Cleanroom Education (Rochester, NY) offers two general video tape programs, “The Whats & Whys of Cleanrooms” and “Cleaning of and within a Cleanroom,” provide basic knowledge for working in a cleanroom environment. In addition, Cleanroom Education has a variety of video programs produced for a particular facility. These present a facility`s specific message, using scenes from that facility and the actual people working there. Cleanroom Education will aid in the creation of a script, shoot the necessary footage and then produce the program to the customer`s specifications. The company also provides on-site training sessions. Programs are customized to the facility and the audience being trained. Train-the-trainer sessions and follow-up training is also available.

By book…

Text books, manuals, primers, and other guides are also useful tools for training. The traditional text book is often used in a training class or in a contamination control curriculum. One publisher offering a number of contamination control-related textbooks is John Wiley & Sons Ltd. (New York, NY). Shorter guides and manuals are available from several companies. For example, Cleansweep is cleanroom compendium recently published by RKI/ Cleanroom Services (Rochester, NY). It is a 114-page cleanroom users guide designed for cleanroom contractors, managers, operators, and custodial personnel. The guide discusses a build-clean program for cleanroom contractors, and how to use the cleanroom properly. Says Ralph Kraft, president of RKI: “It saves the cleanroom end-user from reinventing the wheel on such topics as proper gowning procedures for the various cleanroom classes, how to gown and de-gown properly, cleaning the cleanroom and other topics,” says Kraft.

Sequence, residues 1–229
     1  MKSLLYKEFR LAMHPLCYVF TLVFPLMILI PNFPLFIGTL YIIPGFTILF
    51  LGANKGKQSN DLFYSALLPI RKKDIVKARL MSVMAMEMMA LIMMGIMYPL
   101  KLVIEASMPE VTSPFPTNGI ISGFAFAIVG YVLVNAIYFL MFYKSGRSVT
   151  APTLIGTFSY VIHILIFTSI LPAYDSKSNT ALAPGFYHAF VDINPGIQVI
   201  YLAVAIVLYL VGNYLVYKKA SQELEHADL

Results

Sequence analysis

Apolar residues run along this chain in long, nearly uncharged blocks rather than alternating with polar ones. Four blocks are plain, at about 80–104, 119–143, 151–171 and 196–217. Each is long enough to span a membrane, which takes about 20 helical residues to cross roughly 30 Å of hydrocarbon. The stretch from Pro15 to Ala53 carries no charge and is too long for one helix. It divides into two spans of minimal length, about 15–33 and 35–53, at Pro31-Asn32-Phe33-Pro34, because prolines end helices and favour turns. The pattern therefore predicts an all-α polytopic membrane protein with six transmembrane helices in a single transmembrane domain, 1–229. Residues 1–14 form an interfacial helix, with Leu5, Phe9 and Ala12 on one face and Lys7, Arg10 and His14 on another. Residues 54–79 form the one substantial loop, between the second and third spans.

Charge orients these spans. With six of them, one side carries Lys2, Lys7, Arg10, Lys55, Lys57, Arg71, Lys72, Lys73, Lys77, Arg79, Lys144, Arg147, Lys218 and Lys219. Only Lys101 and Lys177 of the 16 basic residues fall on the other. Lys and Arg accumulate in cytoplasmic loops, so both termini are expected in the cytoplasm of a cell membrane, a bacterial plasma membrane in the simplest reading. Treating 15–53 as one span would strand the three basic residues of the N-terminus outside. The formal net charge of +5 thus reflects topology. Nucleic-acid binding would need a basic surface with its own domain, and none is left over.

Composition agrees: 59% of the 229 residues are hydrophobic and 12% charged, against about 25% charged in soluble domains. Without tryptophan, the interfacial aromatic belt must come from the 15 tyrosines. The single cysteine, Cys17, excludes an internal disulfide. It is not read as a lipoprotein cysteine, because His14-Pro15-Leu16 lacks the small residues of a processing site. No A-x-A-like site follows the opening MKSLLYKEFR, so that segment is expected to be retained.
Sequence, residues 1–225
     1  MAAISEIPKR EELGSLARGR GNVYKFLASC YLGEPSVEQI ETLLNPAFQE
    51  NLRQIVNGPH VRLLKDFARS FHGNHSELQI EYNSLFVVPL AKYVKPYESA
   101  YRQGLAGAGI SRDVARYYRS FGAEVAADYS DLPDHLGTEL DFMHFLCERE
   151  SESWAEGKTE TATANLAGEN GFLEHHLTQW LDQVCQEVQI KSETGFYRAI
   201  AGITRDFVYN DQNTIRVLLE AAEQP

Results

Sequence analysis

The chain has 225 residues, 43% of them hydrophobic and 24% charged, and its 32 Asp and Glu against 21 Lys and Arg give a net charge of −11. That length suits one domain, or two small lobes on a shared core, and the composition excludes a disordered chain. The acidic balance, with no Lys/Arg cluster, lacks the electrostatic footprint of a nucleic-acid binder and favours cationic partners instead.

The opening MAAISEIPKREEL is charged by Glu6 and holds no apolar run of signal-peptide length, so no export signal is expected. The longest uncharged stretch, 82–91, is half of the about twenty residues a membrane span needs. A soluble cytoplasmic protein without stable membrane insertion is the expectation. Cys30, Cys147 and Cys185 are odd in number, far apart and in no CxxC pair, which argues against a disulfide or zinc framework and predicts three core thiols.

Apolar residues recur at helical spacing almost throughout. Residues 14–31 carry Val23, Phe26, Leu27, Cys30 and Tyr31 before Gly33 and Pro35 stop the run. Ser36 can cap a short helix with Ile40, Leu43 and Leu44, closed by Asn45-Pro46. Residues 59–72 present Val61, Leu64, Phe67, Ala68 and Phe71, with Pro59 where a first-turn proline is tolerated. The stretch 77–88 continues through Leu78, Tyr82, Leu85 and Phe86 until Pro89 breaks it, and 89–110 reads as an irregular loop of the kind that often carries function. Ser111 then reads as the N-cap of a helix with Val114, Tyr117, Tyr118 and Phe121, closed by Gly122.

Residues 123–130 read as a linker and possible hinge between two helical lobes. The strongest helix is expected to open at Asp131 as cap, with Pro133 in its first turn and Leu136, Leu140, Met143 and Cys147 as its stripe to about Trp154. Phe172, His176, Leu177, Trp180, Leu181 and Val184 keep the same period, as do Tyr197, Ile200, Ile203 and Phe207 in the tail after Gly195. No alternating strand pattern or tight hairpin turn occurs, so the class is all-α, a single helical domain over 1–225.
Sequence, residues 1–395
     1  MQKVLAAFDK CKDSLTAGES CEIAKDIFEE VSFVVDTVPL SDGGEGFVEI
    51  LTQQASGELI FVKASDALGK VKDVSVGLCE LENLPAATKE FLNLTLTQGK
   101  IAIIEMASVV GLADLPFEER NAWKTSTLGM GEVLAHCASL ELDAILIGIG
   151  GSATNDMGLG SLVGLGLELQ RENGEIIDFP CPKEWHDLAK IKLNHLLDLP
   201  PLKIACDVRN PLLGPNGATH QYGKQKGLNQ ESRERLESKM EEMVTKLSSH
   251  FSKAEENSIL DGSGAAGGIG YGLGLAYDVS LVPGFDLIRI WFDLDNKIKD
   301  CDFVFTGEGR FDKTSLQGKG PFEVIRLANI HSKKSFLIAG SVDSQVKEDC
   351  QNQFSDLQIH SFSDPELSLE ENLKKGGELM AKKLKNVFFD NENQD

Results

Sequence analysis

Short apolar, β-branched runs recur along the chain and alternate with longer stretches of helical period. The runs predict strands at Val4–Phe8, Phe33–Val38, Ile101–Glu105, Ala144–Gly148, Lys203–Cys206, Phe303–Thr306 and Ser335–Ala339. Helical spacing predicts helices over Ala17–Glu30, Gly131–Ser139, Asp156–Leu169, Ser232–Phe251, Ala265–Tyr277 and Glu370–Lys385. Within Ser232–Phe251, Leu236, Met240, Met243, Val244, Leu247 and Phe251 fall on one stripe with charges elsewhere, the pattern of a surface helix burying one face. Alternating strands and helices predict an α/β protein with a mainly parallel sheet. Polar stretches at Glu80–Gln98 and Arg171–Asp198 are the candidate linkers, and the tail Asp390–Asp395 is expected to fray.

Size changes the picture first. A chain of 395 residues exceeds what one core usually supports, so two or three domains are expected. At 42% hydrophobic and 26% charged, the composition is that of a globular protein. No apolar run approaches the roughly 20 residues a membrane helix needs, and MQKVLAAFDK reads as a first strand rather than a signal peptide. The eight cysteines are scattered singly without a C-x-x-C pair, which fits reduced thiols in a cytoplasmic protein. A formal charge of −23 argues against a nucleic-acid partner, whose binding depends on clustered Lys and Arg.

Also offering a libary of cleanroom references is Liberty Industries. Available are a Cleanroom Primer, Maintenance Primer, Air Shower Primer, Your Guiode to a Cleanroom Facility, How to Save Thousands on Your Cleanroom and the Cleanroom Encyclopedia. The Cleanroom Primer is designed as an introduction for new employees who will have cleanroom responsibilities; the maintenance primer is a program for keeping the cleanroom clean. The air shower primer offers a history of air showers, how they work and their proper use.

Other services

Training programs are available on CD-ROM. Interactive Media Communications (IMC; Waltham, MA) has a CD-ROM version of its “Electrostatic Discharge Control Training Program,” an interactive multimedia CD-ROM course that is designed with EOS/ESD Association standards and ISO 9000 requirements. The training CD covers manufacturing and service environments including cleanrooms. IMC provides training in health, safety and environmental areas. n

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A scene from “Preparing to Clean the Cleanroom,” a video training module from Micron Video International, which produces a series of cleanroom training videos.

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Manuals are a popular training resource because they are portable and can be referred to easily by employees. Liberty Industries` Primer series helps new employees learn about their cleanroom responsibilities.